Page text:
I got a TLE for my answer, could any one help me? Thank you very much!


  • 0
    Y

    Following is my answer. It got an TLE for input [3,33,333] 10000. However, I find the thought of my answer is similar to My 3ms Java DP solution except mine is in a recursive style. Could any one help me figure what is the problem of my answer? Thank you guys so much.

    public class Solution {
        public int combinationSum4(int[] nums, int target) {
            if (nums.length == 0 || nums == null) {
                return 0;
            }
            int[] numOfComb = new int[target + 1];
            numOfComb[0] = 1;
            for (int i = 1; i < target + 1; i++) {
                numOfComb[i] = 0;
            }
            int result = countComb(nums, target, numOfComb);
            return result;
        }
        
        private int countComb(int[] nums, int target, int[] numOfComb) {
            if (numOfComb[target] != 0) {
                return numOfComb[target];
            }
            for (int i = 0; i < nums.length; i++) {
                if (target >= nums[i]) {
                    int nextTarget = target - nums[i];
                    numOfComb[target] += countComb(nums, nextTarget, numOfComb);
                }
            }
            
            return numOfComb[target];
        }
    }
    

  • 1

    @YaokaiYang I've tried that before the solution using recursive or memorization here is not efficient enough. You can try DP instead.

    class Solution {
    public:
        int combinationSum4(vector<int>& nums, int target)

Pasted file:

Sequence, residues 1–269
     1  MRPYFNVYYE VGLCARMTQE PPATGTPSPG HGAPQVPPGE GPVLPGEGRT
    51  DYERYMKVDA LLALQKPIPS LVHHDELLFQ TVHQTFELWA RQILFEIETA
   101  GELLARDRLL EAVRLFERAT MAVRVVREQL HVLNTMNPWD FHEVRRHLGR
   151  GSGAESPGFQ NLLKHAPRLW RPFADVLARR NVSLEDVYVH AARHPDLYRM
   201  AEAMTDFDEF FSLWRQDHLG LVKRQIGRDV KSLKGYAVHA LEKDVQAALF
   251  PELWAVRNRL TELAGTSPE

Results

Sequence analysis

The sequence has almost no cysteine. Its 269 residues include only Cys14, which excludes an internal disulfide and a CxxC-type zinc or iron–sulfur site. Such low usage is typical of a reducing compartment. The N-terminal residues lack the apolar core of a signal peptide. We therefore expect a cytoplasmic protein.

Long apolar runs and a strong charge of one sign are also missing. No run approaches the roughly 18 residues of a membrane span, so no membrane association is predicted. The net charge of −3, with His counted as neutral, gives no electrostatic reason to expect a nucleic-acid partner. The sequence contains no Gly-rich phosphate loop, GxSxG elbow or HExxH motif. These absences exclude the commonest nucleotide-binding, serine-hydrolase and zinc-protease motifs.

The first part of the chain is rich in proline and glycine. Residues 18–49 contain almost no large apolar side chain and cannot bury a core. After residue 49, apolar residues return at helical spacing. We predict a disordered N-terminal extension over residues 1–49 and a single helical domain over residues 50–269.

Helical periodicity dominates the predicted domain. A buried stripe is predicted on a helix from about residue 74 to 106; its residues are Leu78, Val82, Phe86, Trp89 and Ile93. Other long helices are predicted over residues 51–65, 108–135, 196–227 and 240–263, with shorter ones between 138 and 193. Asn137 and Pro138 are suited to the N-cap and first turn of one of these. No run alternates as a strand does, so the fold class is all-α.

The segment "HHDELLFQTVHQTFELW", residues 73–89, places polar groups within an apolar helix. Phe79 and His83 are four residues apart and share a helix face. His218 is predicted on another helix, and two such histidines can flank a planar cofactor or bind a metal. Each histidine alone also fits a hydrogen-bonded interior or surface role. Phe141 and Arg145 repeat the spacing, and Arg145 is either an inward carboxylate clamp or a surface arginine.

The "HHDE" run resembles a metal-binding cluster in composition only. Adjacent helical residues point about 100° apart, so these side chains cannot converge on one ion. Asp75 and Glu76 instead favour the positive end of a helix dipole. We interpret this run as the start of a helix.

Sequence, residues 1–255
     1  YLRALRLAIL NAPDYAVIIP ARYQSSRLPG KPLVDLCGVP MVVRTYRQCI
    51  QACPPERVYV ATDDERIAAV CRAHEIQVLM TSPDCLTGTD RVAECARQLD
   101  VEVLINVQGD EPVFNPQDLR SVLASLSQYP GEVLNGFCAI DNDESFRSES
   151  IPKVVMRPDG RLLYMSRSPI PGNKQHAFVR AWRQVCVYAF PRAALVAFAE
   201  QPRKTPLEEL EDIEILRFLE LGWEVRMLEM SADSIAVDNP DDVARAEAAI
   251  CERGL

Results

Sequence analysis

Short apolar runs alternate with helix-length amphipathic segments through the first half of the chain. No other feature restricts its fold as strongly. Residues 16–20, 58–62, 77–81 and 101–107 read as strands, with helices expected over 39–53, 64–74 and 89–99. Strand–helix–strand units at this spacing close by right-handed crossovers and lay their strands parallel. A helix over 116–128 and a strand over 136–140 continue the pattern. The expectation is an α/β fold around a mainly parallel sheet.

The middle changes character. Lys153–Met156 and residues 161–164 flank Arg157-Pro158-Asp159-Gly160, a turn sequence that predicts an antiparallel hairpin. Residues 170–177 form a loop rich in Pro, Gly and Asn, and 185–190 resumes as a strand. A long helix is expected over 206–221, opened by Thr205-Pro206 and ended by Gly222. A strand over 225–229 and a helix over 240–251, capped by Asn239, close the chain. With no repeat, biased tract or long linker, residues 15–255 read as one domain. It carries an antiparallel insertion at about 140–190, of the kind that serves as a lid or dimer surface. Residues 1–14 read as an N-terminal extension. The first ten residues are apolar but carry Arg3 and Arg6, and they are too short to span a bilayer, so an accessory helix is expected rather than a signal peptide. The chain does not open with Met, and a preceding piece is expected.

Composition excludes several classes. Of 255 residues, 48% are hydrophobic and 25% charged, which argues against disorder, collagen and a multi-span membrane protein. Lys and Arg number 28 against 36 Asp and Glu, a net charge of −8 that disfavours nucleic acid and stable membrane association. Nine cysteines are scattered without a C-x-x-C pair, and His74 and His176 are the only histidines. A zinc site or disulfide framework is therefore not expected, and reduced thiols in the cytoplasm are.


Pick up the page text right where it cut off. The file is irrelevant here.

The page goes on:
{
            int arr[target+1]{1, 0};
            int size = nums.size();
            if(target < 0) return 0;
            if(target == 0) return 1;
            for(int i = 1; i <= target; ++i)
            {
                for(int j = 0; j < size; ++j)
                {
                    if(i>=nums[j] && arr[i-nums[j]]) arr[i] += arr[i-nums[j]];
                }
            }
            return arr[target];
        }
    };
    

  • 1
    Y

    @LHearen Thank you for the bottom-up method. BTW, I finally found out that it is because the big array I created. I changed it to a HashMap which only stores the needed intermediate target and it works fine.
    Thanks to this answer:JAVA recursion solution using HashMap as memory.


  • 0

    @YaokaiYang Thank for your inspiration, I also got my Memoization solution now, though less efficient but easy-understanding.

    class Solution {
    private:
        unordered_map<int, int> map;
    public:
        int combinationSum4(vector<int>& nums, int target) {
            if(nums.empty() || target<0) return 0;
            if(target == 0) return 1;
            if(map.count(target)) return map[target];
            long count = 0;
            for(int i = 0; i < nums.size(); ++i)
                count += combinationSum4(nums, target-nums[i]);
            return map[target] = count;
        }
    };
    

  • 0
    Y

    @LHearen Like what is said in that link, the advantage of a top-down way is that it can prevent from calculating useless cases while in a bottom-up method you have to calculate every sum from 0 to target.


  • 0

    @YaokaiYang Actually that kind of redundancy is ignorable compared to the cost of the recursive invoking and map retrieving. The DP solution in C++ is about 0ms or 4ms while the Memorization will take 20ms is a prove. To my knowledge, the Memoization is always worse than DP in performance but better in readability.


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